The wētā seemed to appreciate the supplementary feeding too.
“We also observed ground wētā at night eating food provided. Only four of 19 experimental replicates had all three food items available when observed at 20:30h, however we directly observed ground wētā eating each of the three food items provided (cat biscuits, oats, apricot). In addition, slugs, earwigs and harvestmen were seen on the food. We examined the gut contents of seven wētā collected directly from vines (November 2019), and 11 from pitfall traps placed at the ends of vine rows (October–November 2018). Of these 18 gut samples, 12 contained fragments of invertebrate exoskeleton as well as plant material. Of 10 samples with sufficient material that were stained and examined with a compound microscope, five contained trichomes and/or leaf cuticles that were characteristic of vine leaves. These and others contained cuticle fragments representing several other plant taxa but we did not attempt to identify these.”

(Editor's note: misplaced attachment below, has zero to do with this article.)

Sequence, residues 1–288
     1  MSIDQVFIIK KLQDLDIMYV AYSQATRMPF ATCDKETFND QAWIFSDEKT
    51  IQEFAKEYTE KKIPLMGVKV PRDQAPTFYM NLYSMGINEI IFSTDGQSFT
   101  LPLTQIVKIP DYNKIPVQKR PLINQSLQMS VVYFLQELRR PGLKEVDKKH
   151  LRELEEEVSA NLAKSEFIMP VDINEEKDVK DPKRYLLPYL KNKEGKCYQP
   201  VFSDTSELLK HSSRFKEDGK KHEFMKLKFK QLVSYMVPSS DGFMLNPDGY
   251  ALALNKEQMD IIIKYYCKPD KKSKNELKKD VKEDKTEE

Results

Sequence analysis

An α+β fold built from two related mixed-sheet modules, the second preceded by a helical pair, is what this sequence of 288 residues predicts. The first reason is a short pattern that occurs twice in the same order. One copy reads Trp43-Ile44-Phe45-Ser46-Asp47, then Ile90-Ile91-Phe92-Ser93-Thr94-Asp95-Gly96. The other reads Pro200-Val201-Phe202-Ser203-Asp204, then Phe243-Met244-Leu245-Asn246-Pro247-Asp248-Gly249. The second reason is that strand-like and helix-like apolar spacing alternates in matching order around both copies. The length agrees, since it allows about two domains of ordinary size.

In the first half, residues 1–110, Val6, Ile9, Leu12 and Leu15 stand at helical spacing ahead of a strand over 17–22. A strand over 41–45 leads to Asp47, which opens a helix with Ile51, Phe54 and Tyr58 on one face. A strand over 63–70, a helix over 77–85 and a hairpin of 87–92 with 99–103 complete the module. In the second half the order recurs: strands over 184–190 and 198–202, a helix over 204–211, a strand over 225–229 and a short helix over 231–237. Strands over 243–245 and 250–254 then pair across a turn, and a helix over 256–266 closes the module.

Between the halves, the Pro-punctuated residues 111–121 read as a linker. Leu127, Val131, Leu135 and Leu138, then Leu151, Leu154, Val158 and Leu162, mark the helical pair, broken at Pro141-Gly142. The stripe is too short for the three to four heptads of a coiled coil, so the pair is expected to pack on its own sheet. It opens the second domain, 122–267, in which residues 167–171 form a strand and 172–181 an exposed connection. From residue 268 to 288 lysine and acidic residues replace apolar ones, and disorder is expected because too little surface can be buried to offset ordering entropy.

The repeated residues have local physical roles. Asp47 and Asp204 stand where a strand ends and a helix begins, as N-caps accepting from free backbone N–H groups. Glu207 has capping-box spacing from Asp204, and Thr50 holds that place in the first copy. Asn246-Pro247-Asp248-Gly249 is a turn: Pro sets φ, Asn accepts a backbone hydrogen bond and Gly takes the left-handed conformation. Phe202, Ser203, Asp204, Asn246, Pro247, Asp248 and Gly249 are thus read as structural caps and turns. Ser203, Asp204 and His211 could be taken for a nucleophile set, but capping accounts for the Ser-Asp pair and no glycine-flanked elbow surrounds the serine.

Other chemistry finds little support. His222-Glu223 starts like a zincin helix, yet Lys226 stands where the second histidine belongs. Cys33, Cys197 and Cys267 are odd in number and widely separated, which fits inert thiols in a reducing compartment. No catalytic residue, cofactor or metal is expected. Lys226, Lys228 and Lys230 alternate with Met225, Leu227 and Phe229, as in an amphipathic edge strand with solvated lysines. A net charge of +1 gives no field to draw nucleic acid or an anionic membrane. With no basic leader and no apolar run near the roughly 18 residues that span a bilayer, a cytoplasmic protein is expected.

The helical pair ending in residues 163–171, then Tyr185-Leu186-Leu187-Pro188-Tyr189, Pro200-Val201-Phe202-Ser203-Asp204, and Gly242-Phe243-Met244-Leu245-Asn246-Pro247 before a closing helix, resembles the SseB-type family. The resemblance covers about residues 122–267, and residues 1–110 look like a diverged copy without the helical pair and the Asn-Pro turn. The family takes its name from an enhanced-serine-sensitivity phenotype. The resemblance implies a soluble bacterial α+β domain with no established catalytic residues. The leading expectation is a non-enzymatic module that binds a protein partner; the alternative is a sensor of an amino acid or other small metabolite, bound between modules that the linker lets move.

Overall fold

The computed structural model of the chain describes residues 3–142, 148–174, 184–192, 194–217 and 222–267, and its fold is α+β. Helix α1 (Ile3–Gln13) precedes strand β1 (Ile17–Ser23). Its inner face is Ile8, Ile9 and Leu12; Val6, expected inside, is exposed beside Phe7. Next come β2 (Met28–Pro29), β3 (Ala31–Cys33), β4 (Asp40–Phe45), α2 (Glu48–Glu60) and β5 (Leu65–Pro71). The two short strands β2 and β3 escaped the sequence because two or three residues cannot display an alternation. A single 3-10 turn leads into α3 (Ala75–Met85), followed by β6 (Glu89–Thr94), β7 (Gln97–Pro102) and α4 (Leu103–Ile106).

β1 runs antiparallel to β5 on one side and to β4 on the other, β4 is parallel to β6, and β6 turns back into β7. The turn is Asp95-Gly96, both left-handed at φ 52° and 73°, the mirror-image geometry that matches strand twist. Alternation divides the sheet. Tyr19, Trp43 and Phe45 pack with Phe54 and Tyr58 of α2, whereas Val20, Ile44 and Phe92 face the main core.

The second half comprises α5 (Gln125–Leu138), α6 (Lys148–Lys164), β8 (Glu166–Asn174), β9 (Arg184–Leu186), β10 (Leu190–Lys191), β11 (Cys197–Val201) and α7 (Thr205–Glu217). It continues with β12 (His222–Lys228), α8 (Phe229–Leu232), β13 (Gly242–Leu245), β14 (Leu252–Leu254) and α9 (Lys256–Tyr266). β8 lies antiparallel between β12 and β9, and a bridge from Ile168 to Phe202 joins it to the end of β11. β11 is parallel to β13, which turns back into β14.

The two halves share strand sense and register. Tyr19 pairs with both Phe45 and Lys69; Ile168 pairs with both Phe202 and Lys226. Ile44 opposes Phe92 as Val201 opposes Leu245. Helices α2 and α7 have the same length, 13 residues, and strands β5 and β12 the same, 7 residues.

The plastic sleeves seemed to have little protective effect for the vines.
“At night we observed ground wētā on the trunks, stems and branches of grape vines. We recorded whether the vine on which wētā were observed had a plastic sleeve on its trunk or not. On 5th October 2018 the rows we examined had a ratio of about 12 plants with sleeves to every plant without a sleeve (358:29). We observed 24 ground wētā on these 387 vines, 21 were on plants with sleeves, 3 on plants without sleeves, which did not differ significantly from random occurrence.”
The ground wētā found in Awatere Valley vineyares were identified as belonging to the species Hemiandrus bilobatus, first described in 1938 and thought to occur only in the southern tip of North Island. This species is unusual in that females don’t have the long ovipositors seen in many wētā species. Also unusual, is the female’s behaviour in laying her eggs in her own burrow and remaining with them, rather than injecting eggs singularly into soil or plants and then having no further care of them.